Monday, November 29, 2010

Superhero Changeups

I got into an animated discussion with my boy about superheroes (an interest we both share)... in particular, the logistics of costumes and the transformation process. He was trying to figure out how he was going to change into his pretend super-hero persona.

Some superheroes have it easy - your Green Lanterns, for instance, where it's quick and clean, no fuss, no muss, just a flash of a power ring and voila, good to go.

Until Iron Man 2's suitcase armor, his conversion always seemed inconvenient and uncomfortable - we both agree that it's one of the coolest ones, ever. The Adam West Batman also always seemed to need his Batpole.

Some need a painful-looking transformation like the Hulk... leaving their alter-ego needing a clothing budget the size of a small country's GDP.
Frankly, I prefer the Ultimate version of the Hulk, what with the massive body count and the elimination of the need for surprisingly stretchy purple pants... but that one's not exactly age-appropriate.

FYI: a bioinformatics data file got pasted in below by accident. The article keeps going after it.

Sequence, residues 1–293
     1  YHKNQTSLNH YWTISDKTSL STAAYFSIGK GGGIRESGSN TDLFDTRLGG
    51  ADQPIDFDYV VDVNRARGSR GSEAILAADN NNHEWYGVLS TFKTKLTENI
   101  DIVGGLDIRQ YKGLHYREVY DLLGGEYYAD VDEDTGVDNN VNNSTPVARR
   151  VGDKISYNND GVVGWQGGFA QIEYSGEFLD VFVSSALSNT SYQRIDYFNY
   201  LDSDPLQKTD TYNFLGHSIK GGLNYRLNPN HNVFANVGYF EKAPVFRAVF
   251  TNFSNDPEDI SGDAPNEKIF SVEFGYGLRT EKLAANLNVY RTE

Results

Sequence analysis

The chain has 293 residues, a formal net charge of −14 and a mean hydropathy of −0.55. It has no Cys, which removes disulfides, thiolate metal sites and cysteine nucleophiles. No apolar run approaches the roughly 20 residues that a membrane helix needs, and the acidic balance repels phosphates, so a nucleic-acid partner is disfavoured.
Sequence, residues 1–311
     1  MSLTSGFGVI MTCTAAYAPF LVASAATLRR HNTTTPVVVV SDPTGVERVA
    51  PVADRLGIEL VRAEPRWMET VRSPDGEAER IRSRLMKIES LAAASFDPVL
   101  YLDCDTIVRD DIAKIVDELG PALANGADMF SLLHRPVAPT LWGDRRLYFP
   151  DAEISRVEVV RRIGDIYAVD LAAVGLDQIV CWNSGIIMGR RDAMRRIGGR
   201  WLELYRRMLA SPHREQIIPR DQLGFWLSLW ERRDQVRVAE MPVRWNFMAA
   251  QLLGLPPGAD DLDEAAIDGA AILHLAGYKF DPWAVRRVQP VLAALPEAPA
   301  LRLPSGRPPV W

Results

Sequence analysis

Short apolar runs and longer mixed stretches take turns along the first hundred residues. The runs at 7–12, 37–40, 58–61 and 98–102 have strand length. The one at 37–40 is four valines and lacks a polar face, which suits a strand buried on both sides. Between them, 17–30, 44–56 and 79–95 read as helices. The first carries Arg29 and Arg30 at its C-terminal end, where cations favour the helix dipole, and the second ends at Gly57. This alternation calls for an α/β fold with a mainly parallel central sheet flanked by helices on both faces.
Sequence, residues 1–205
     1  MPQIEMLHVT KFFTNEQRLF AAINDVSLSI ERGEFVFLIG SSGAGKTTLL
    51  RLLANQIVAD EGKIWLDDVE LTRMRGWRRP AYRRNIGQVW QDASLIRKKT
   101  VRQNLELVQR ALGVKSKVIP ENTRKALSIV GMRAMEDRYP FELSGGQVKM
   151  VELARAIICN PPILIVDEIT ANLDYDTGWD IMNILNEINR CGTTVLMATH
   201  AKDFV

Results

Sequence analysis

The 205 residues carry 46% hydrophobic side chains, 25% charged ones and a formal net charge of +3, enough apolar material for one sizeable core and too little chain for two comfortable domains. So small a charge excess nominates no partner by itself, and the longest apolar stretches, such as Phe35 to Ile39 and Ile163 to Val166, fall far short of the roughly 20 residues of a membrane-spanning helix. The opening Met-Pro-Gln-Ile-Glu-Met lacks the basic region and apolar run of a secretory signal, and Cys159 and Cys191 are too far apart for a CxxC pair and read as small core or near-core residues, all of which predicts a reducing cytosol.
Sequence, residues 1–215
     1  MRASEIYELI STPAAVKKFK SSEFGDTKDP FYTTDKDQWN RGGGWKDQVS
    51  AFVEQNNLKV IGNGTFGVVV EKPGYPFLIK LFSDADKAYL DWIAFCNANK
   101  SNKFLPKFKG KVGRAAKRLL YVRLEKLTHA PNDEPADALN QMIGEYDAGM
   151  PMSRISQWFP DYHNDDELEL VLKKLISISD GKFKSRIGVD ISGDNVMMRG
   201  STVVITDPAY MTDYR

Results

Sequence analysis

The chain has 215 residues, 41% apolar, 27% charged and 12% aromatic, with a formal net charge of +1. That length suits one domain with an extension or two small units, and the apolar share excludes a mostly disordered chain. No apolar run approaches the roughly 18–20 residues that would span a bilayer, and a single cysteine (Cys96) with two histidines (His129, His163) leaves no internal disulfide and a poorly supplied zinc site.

Then there are those whose transformations surely must wreak havoc with both the concept of a secret identity and the general environment (e.g., whenever Billy Batson says "Shazam!" indoors).

But my favourite is perhaps the most iconic of all, Superman. In discussing this with my boy, we both started to wonder whether sewing buttons was one of his super-powers, or whether he uses velcro, because he rips through an awful lot of his dress shirts. Frankly, given the sheer number of shirts he leaves littering the Daily Planet, the janitorial staff is either complicit in his secret identity, or they're engaged in a massive second-hand men's clothing racket and assume that there are an awful lot of office romances.

There's no real point to this post... just amusing observations from conversations with a 4 year old. In the end, he decided he'd wear his costume under his street clothes, which works for winter, at least.

1 comment:

  1. I always kind of wondered what happened to the clothes that Superman left in those phone booths. I can only assume that Metropolis had some really well dressed hobos.